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NASA Imagines a Future with Exoplanet Travel Destinations

NASA Imagines a Future with Exoplanet Travel Destinations

It might be hard to imagine a future where distant exoplanets are viable vacation options, but these exoplanet travel posters from NASA give a glimpse of what an interplanetary life might be like. Or at least what you might see on a trip to The Exoplanet Travel Bureau.

The posters depict three vastly different exoplanets:

010715_Kepler186f_NASA

First up is Kepler-186f, Earth’s distant cousin. This was the first Earth-size planet discovered in the so-called Goldilocks zone around its parent star — meaning liquid water could exist on its surface making it the first significant step in the quest to find another Earth. Kepler-186f orbits its star, which is cooler and redder than our Sun, once every 130 Earth days. And it’s a dim world. The planet gets about one-third the energy from its star as we get from the Sun, meaning that high noon on Kepler-186f is only about as bright as our sky an hour before sunset. Any plant life on Kepler-186f might be heavily influenced by its star’s red-wavelength photons, meaning the grass wouldn’t be greener, it could be redder.

010715_HD40307g_NASA

Up next is HD 40307g, a planet at least seven times as massive as the Earth, putting it right on the line between being a super Earth and a mini Neptune. HD 40307g orbits its host star once every 197.8 Earth days, and lucky for future travelers, likely rotates around its own axis as well meaning there’s a day and a night, and a more temperate environment for potential life. Scientists don’t know much else about this planet, like whether there’s a rocky surface beneath the superficial layer of gas and ice. But being so much more massive than the Earth guarantees a much stronger gravitational pull.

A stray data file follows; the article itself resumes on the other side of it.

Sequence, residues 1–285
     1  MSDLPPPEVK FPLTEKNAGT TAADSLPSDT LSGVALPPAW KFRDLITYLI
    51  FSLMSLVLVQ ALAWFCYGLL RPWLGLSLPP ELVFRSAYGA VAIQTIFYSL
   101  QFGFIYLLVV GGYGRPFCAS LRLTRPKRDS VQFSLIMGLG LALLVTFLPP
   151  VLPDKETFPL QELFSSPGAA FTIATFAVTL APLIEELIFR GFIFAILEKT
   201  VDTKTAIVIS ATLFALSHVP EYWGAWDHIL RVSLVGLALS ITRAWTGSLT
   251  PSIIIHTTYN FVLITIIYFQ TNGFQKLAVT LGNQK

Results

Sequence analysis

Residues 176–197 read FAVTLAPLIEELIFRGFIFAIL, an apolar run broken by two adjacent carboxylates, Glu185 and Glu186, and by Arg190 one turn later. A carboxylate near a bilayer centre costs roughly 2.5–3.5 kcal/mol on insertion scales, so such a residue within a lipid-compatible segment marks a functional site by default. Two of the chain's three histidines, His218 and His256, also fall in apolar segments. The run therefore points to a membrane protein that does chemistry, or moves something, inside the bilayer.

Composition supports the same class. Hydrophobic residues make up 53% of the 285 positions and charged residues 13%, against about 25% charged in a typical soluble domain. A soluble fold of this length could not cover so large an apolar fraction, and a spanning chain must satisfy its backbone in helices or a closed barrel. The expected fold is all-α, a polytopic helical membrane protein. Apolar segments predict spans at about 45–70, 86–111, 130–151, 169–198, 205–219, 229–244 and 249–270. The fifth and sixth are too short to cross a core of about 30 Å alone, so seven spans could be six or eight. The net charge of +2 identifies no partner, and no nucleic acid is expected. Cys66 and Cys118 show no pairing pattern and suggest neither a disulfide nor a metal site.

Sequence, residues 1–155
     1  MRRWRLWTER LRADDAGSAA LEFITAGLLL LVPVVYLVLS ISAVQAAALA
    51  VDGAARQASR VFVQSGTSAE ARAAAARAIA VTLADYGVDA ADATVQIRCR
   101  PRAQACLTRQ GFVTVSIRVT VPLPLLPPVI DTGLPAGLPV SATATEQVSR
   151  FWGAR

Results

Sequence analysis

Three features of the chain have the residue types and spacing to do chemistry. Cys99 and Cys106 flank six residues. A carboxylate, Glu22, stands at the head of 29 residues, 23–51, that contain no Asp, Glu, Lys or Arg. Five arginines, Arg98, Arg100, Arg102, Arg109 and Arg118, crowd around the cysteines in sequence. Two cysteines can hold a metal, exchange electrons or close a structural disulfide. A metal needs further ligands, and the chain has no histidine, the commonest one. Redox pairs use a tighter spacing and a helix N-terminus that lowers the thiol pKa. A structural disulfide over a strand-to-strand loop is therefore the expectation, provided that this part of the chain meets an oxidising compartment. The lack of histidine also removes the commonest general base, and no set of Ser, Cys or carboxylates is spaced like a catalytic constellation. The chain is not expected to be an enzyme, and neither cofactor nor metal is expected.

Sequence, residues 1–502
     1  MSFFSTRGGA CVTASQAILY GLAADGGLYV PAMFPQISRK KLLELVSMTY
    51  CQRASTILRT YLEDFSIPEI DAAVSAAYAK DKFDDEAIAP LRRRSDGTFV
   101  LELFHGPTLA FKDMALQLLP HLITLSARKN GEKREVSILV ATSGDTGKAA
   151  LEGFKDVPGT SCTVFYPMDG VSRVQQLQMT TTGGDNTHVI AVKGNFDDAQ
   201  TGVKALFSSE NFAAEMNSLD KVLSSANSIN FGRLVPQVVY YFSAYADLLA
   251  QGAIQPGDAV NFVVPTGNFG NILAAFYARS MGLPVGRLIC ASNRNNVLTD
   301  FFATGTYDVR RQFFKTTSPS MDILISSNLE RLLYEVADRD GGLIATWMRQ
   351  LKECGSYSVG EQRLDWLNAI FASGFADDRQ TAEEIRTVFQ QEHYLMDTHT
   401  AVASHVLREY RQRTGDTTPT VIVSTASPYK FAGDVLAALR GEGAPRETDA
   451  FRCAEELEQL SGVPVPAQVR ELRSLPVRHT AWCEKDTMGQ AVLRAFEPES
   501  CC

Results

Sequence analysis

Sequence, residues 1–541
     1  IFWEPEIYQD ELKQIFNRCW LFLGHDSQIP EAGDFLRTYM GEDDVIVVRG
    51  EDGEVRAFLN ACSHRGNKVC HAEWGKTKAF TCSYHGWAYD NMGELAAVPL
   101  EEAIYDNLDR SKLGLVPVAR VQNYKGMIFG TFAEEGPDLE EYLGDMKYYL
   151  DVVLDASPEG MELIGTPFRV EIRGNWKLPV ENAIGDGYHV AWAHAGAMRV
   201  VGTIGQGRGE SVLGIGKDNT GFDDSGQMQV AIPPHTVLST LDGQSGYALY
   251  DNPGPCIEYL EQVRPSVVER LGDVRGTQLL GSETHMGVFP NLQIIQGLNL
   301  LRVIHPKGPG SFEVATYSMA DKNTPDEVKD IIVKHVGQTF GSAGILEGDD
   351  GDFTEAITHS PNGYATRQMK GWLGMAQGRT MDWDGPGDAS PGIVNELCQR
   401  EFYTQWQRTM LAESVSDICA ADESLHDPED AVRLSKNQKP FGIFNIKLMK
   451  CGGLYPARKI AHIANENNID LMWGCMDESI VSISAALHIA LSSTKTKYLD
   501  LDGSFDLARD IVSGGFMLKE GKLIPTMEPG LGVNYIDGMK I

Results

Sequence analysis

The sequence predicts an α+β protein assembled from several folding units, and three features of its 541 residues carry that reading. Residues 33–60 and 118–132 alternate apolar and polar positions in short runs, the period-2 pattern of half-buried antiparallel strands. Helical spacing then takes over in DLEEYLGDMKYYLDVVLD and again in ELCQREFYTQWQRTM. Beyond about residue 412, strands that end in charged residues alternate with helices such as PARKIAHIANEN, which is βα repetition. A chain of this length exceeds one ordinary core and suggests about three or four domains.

010715_Kepler16b_NASA

Last is Kepler-16b, the planet most like Like Luke Skywalker’s home planet Tatooine. Kepler-16b orbits a pair of stars. The planet isn’t actually terrestrial, though it’s depicted as such for the sake of a travel poster. It’s actually closer in size to Saturn, though 50 percent denser than our own ringed planet suggesting that it is rich in heavy elements. Still, that doesn’t mean you couldn’t float among the gas clouds and watch a dual sunset.

The posters are pretty phenomenal, and you can download the hi res versions from JPL’s site here.

IMAGES: NASA

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